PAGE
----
You’ll also get 24/7 support, core software updates and patches, free daily backups and one-click restore, a free domain with an annual plan and more.

Related: How to build a WordPress website for the first time

GoDaddy WordPress Themes]
GoDaddy’s WordPress Hosting offers themes for all types of businesses.

Do it yourself with a simple-to-use website builder

You don’t need any design experience to build a lovely site via the affordable DIY solutions available, including GoDaddy’s Websites + Marketing. Choose your industry, customize it, and hit “publish.” Just like that, your website is live.

GoDaddy’s Websites + Marketing also has templates for a variety of industries. You can even give the templates a test run before you decide if GoDaddy’s website builder meets your needs.

 GoDaddy Websites + Marketing Theme Options
From GoDaddy’s Websites+Marketing solution has templates customized to fit your business.

Related: How to plan a website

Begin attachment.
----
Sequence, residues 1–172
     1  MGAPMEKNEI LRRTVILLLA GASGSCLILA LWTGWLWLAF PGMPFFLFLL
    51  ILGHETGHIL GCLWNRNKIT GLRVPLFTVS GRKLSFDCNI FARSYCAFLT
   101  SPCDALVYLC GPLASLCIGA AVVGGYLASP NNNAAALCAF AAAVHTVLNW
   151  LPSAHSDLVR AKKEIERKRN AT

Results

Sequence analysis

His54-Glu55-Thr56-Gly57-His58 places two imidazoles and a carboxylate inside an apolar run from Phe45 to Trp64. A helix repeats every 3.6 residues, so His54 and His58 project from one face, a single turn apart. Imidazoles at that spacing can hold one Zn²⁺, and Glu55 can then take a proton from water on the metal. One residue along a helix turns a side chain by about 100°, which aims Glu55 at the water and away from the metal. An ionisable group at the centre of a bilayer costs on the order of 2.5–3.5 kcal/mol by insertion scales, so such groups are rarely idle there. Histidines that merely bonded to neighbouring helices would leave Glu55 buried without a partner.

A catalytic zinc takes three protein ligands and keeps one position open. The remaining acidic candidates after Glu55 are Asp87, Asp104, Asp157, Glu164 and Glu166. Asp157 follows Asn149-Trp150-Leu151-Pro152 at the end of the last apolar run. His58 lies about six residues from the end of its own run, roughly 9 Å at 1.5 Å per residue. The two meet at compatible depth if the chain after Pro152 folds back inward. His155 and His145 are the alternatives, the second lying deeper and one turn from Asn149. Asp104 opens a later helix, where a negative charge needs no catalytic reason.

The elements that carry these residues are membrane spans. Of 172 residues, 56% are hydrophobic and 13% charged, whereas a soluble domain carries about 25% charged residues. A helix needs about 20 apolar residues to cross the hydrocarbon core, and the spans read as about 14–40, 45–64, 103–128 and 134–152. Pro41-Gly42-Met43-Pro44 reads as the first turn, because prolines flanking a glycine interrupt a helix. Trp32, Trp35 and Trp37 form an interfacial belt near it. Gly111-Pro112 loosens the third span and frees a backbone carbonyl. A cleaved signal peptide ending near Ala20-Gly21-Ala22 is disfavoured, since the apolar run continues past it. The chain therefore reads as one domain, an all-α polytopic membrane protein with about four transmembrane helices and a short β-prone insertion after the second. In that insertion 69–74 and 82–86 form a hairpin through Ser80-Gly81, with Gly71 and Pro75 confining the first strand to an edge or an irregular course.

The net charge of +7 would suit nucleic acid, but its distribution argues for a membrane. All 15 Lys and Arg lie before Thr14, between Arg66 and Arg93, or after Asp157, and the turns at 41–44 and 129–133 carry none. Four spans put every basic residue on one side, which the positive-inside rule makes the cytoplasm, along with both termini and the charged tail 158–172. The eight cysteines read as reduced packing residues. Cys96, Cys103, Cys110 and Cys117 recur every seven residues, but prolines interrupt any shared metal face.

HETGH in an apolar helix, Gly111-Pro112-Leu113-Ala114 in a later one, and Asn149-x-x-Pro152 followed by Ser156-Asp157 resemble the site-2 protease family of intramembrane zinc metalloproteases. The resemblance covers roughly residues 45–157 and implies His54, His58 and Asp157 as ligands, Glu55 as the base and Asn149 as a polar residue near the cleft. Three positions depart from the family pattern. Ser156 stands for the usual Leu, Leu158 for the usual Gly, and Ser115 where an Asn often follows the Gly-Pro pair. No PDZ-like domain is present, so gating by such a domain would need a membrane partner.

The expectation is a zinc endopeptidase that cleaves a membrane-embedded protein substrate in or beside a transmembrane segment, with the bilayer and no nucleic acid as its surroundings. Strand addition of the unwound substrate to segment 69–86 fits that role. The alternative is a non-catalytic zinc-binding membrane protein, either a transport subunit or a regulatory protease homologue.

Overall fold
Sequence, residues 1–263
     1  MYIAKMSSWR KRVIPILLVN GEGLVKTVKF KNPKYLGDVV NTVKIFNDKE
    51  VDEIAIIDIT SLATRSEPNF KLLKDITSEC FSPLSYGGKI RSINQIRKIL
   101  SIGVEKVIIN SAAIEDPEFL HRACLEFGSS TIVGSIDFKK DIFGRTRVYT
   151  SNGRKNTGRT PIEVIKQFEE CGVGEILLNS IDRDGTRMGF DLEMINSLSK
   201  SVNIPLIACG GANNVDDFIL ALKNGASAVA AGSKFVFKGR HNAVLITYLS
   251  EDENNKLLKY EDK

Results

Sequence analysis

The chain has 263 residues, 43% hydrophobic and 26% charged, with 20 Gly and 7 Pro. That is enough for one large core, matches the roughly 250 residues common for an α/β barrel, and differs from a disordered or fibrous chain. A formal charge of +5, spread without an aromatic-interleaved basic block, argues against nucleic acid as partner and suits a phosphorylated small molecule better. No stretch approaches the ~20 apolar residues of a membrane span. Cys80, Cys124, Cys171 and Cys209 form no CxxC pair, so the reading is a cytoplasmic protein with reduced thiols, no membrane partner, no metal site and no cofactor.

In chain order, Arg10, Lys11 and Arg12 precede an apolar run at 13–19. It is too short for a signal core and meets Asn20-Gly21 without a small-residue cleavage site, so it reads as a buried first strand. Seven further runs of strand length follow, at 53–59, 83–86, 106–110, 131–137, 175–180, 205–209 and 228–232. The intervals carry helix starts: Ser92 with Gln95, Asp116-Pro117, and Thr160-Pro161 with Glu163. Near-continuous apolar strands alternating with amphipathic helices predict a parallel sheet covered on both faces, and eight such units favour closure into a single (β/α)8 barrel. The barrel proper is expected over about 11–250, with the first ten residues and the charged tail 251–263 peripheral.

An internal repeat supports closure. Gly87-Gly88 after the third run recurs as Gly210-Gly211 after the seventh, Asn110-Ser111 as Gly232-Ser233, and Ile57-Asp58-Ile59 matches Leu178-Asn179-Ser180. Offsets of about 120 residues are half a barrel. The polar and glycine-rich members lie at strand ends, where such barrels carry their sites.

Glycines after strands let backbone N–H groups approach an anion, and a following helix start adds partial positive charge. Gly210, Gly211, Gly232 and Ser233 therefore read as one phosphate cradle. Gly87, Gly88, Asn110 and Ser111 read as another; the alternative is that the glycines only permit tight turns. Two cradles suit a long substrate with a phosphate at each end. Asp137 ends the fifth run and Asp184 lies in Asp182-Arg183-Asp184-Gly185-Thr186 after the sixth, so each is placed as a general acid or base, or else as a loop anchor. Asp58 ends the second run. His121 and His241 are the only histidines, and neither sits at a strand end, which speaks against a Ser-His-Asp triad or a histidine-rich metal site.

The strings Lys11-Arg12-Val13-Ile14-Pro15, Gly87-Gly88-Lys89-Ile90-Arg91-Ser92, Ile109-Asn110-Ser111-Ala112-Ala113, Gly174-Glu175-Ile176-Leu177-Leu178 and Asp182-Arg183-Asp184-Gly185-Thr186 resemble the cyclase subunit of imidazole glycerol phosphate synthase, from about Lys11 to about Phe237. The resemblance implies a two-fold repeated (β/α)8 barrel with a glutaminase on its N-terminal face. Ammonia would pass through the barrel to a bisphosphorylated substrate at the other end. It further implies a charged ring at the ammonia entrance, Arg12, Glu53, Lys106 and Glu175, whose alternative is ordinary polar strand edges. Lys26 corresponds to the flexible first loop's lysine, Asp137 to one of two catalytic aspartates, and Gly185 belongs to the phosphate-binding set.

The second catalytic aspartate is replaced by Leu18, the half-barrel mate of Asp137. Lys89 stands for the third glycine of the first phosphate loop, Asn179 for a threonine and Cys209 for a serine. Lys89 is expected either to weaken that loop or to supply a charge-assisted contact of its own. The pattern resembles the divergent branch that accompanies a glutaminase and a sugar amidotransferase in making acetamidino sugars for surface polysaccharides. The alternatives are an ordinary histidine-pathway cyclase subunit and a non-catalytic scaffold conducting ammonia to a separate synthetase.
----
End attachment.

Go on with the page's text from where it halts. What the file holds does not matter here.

3. Get an online store that’s attached to your domain

With a custom ecommerce site, you can sell your products, track your orders, collect payments, and manage your inventory all in one place.

You’re looking at basically the same options for creating an online store — hire a pro or do it yourself with an easy-to-use online store builder (like GoDaddy’s Online Store) or an ecommerce plugin for WordPress and the like. We like WooCommerce.

Since GoDaddy’s Online Store is built into the Websites + Marketing structure, you can build your store quickly and start receiving payments immediately. You’ll have easy access to appointment setting, inventory management and more, all while staying mobile-friendly.

GoDaddy Online Store ExampleBut, what if you’ve registered a domain name that’s perfect and invested the effort into launching an online store — and no one ever finds you?

An ecommerce solution like GoDaddy Online Store can help. How? It includes a built-in SEO wizard, smooth integration with Google My Business, and marketplace selling features that enable you to easily sell products on marketplaces like Amazon, eBay, Walmart and Etsy and manage your orders and inventory all from one place.